Appletons' Cyclopædia of American Biography/Müller, Nikolaus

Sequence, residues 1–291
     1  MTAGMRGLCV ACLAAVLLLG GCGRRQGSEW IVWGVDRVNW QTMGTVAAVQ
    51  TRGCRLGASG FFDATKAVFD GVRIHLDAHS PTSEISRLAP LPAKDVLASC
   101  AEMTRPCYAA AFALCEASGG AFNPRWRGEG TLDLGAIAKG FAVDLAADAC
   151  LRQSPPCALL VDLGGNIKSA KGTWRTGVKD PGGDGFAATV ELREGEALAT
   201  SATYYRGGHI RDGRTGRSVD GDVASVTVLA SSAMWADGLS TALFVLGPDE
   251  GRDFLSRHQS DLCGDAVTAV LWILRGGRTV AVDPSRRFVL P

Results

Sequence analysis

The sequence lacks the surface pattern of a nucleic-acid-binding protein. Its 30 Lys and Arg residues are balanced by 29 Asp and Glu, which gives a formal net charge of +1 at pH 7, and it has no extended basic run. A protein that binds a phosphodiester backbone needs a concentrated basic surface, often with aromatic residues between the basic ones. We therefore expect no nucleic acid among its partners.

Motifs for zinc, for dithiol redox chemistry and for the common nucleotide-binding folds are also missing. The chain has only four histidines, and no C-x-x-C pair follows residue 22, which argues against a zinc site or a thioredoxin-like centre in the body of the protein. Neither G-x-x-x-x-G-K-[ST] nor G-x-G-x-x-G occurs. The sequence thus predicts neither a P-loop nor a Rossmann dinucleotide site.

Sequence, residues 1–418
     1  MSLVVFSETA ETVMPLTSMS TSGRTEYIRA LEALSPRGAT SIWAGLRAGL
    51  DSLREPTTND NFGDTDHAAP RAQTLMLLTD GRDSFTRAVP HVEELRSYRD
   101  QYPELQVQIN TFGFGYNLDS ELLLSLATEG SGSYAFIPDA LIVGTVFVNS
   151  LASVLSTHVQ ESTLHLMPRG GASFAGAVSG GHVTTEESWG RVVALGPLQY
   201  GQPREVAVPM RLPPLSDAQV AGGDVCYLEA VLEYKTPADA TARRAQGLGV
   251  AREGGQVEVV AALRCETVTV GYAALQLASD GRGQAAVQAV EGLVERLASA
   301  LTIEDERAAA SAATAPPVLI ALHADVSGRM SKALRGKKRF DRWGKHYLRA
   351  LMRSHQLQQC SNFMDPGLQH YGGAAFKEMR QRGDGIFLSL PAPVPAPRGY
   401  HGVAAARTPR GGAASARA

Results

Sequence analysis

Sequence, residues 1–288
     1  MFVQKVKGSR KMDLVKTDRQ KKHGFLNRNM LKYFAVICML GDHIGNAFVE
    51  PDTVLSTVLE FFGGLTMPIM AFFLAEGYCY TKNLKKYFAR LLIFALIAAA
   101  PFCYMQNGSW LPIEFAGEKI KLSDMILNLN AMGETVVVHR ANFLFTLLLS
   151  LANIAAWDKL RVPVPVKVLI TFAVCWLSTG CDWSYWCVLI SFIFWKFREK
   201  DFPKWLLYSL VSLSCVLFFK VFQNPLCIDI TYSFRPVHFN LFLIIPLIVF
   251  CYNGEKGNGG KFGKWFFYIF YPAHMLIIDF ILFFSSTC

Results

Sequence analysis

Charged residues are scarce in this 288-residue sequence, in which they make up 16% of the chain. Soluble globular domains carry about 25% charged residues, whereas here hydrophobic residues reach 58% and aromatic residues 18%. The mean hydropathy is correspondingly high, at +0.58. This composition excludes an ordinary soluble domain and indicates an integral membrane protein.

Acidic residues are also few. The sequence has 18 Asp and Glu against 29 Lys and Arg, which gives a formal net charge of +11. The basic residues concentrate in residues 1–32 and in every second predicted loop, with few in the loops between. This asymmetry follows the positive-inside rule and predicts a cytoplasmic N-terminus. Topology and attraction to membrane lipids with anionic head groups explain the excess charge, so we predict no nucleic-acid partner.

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MÜLLER, Nikolaus, German poet, b. in Langenau, near Ulm, Germany, in 1809; d. in New York city, 14 Aug., 1875. In 1823 he was apprenticed to a printer, and after learning this trade thoroughly settled in Stuttgart. Many of his poems appeared in 1834-'7, entitled “Lieder eines Autodidakten,” and a collection was published in 1837. He took part in the revolutionary movements of 1848, was forced to flee to Switzerland, and in 1853 came to New York, where he bought a printing-office. In the period of the civil war he published “Zehn gepanzerte Sonette” (New York, 1862), and a volume of poems entitled “Neuere Gedichte” (1867). During the Franco-German war he published a collection of patriotic poems, “Frische Blätter auf die Wunden deutscher Krieger.” In 1874 he retired from the printing business. At the time of his death he was preparing a complete edition of his poems. See “Aus der transatlantischen Gesellschaft,” by Karl Knortz (Leipsic, 1882).